But be aware that many student savings accounts come with time limits after which they become regular savings accounts. When that happens, minimum balance or activity requirements often kick in, or you’ll have to pay a monthly fee.

Student savings accounts are available at Chase Bank, Bank of America, and US Bank.

Money market savings accounts

Money market accounts (MMAs) are savings accounts that combine checking and savings features. Most money market savings accounts offer the ability to write checks while earning interest rates comparable to a savings account. Money market accounts sometimes pay better interest rates than regular savings accounts.

Be aware that you may also find the term “money market” in the investment markets. Money market funds are investment funds that are not FDIC-insured and may lose value. A money market savings account is backed by FDIC insurance and works more like a traditional bank account.

CIT Bank, and Quontic Bank, offer some top money market accounts.

Quontic Bank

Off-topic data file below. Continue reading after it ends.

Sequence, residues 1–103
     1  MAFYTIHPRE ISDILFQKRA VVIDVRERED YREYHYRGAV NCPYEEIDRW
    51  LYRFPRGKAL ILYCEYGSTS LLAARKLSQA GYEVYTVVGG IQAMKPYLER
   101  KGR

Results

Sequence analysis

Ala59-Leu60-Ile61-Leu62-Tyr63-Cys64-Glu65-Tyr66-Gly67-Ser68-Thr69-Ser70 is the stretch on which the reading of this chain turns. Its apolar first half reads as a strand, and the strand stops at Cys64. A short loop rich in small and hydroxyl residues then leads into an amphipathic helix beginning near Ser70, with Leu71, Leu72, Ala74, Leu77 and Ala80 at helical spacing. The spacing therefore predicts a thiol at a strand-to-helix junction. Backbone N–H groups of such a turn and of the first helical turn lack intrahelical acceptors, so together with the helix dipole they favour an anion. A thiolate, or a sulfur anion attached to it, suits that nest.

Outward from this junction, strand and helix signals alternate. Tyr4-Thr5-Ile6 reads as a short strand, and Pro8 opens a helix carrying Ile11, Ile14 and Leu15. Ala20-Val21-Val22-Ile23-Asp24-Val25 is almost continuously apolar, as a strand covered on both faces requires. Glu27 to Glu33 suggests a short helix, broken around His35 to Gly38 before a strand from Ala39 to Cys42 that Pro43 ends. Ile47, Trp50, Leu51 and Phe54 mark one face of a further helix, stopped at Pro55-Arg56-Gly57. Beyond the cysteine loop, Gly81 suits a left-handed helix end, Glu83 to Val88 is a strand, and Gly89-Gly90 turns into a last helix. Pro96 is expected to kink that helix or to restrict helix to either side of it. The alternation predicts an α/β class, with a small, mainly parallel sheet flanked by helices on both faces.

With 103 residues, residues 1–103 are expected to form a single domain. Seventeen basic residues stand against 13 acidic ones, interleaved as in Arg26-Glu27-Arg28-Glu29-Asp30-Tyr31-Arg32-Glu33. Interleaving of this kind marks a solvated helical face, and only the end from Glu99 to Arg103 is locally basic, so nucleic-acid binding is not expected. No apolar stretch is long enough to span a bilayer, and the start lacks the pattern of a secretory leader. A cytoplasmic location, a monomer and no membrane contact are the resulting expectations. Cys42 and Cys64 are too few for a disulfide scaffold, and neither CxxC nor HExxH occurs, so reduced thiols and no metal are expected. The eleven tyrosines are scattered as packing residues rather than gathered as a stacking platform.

Quontic MMA

Quontic MMA

APY*
5.00%
Min. deposit
$100
Monthly fee
$0

Certificate of deposit (CD) accounts

Certificate of deposit (CD) accounts are time-bound savings accounts that many banks offer. CD accounts typically pay interest rates above what you would earn from a traditional savings account, but you have to agree to put your funds into the account for a specific period of time. If you withdraw money before the CD matures, you’ll have to pay a penalty, usually a few months of interest.

In an economy where interest rates are falling, CD accounts allow you to lock in favorable interest rates for a longer term. But you could be locked into a rate below the market average when rates rise. Consider when you’ll need the funds and what direction you believe interest rates will go as you decide whether a CD is right for your cash.